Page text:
rss Email Author Michael Feingold

Awards

  • 2010 - The Pulitzer Prizes in Journalism/Columbia University

    Theater Reviews

2005 Stories by Michael Feingold

Archives: 2013 | 2012 | 2011 | 2010 | 2009 | 2008 | 2007 | 2006 | 2005 | 2004 | 2003 | 2002 | 2001 | 2000 | 1999 | 1998
  • Semi-Sweet

    published May 3, 2005

    How do we define a great musical? If we mean one that can bring pleasure a second or third time around, even in an inferior revival, then Sweet... More >>

  • Score Isolates Snippets of Bernstein, But Their Sum Never Equals Lenny

    published May 3, 2005

    Artistically speaking, Leonard Bernstein had so many personalities that he could only have been one person: the flamboyantly demonstrative... More >>

  • A Big Chitty Mess

    published April 26, 2005

    The second half of Chitty Chitty Bang Bang takes place in an imaginary country called Vulgaria, but no travel is involved; the... More >>

  • Unexciting Ride

    published April 26, 2005

    If you believe in the inherent value of great plays—and I do—there's something to be said for dull straightforward productions. The... More >>

  • Mamet's Shysters, Conning Again, Look a Lot Like Their Congressional Counterparts

    published April 26, 2005

    The best political play of the year is some decades old and never mentions any form of politics. Far from Washington, its settings are a drab... More >>

  • Sketchy Conception

    published April 19, 2005

    Jeffrey Hatcher's two-character, 70-minute diversion, A Picasso, is a workable specimen of the kind of thin-sliced American play that our... More >>

  • Passione All'Americana

    published April 12, 2005

    The Light in the Piazza is a musical about human beings. It has some considerable shortcomings, which I'll deal with below, but its main... More >>

  • Jones's Electricity and Uggams's Warmth Wake Up a Snoozy Script

    published April 12, 2005

    Supplanted by the TV sitcom, the ancient form of the Broadway comedy has almost entirely died out. Neil Simon, its last (and by no means best)... More >>

  • Impermanent Wave

    published April 12, 2005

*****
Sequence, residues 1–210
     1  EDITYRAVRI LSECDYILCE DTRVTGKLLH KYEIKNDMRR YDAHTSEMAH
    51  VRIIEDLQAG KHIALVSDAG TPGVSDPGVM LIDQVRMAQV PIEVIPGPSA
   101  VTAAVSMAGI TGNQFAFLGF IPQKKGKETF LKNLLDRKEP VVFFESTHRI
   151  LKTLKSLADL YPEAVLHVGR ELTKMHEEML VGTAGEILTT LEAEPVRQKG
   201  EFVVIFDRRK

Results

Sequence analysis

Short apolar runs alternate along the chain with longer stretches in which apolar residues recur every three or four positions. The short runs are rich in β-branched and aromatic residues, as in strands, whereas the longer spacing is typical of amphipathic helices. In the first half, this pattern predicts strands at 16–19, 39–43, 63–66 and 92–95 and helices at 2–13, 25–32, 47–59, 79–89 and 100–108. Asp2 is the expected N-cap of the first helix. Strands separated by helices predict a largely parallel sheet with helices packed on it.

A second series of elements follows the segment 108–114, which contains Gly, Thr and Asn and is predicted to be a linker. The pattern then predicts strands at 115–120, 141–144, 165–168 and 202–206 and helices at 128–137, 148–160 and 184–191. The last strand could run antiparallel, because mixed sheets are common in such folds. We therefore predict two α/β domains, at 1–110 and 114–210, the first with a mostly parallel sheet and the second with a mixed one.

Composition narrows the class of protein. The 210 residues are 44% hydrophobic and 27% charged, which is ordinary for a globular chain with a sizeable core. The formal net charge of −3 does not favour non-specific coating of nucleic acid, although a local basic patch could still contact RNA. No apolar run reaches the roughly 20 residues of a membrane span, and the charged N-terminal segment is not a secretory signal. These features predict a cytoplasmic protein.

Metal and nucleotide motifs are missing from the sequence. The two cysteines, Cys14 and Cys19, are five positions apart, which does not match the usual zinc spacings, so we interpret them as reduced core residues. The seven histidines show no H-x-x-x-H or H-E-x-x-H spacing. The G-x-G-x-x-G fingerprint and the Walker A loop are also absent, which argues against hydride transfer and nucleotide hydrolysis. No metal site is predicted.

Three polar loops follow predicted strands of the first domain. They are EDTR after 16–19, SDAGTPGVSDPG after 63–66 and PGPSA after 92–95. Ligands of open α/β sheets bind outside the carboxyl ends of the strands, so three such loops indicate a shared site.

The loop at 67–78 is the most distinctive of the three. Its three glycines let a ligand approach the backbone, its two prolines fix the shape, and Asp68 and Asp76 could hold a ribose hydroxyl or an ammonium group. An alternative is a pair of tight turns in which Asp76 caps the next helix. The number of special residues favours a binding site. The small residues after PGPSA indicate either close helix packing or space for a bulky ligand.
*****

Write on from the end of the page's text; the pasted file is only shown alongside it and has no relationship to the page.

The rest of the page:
Some plays, like some novels, are written specifically for women to enjoy; when men don't enjoy them, and say so, accusations of gender snobbery... More >>

  • Story Horror

    published April 5, 2005

    Unlike his "Irish" plays previously seen over here, Martin McDonagh's The Pillowman at least has the dignity of aspiring to be about... More >>

  • Despite a Fractured Translation, This Old Love Game Can Still Kick Up Its Heels

    published April 5, 2005

    Pierre Carlet de Chamblain de Marivaux (1688-1763) wrote plays that are the essence of Frenchness: totally easy to understand and utterly... More >>

  • Theater

    published April 5, 2005

    Wouldn't all theater artists love to know what we're thinking while we watch the stuff they put on? Transport Group artistic director Jack... More >>

  • Far From Tennessee

    published March 29, 2005

    The producers of The Glass Menagerie have made two large mistakes, which crash like tidal waves from opposing oceans over the frail... More >>

  • Choppers Over Philippi

    published March 29, 2005

    Most of Shakespeare's plays require an audience to make one time-jump, back to the era of his language and his social conventions. His plays set... More >>

  • A Meandering Brook Tells a Murky Parable of Intolerance

    published March 29, 2005

    The theater Peter Brook has created in recent years is a serene place, an open space spread with rugs or mats, with only a few stools or pillows... More >>

  • Theater

    published March 29, 2005

    Moved from Manhattan Theatre Club to the higher, broader, and pricier reaches of a Broadway house, John Patrick Shanley's Doubt is, if... More >>

  • A Little Quiet Dignity

    published March 22, 2005

    Drunk on the influence of the two-dimensional media, our theater has grown so overwrought and overindulgent that a little quiet dignity,... More >>

  • By way of an 'unreliable narrator,' LaBute builds an unconvincing play

    published March 22, 2005

    An elaborate contrivance carefully dressed up to look like slapdash improvisation, Neil LaBute's This Is How It Goes touches on enough... More >>

  • Theater

    published March 22, 2005

    Studio-era Hollywood was being debunked on Broadway even while it was being mythicized; the debunkings themselves, by making the place seem wacky... More >>

  • Saving Martha

    published March 15, 2005

    Daily press hype notwithstanding, no play is a great play its first time around. It may make a great impression, but you never know to what extent... More >>

  • Fresh From the Can

    published March 15, 2005

    There seems to be a curious desire, on both sides, to make a huge fuss about Spamalot, the curious part being that Spamalot... More >>

  • Trying to Confront a Brutal Past—by Looking the Other Way

    published March 15, 2005

    Sometimes you can tell from the very first moment. The opening line of Dessa Rose, sung by its heroine and taken up by the ensemble, is "We... More >>

  • Life in Venice

    published March 8, 2005

    Peggy Guggenheim must have had a good time in life; her story shows what a little money, a little intelligence, and a little get-up-and-go can... More >>

  • Spoofing the Faith: A Boyband Version of Nunsense, With Witty Dance Moves

    published March 8, 2005

    There's a Yiddish expression for things Gentiles love that Jews can't fathom: goyim naches (literally "Gentile joy"). It... More >>

  • Two-Faced Tuner

    published March 1, 2005

    In trying to recover the ground that was its own before the miseries of the British invasion set in, the Broadway musical has put itself into a... More >>

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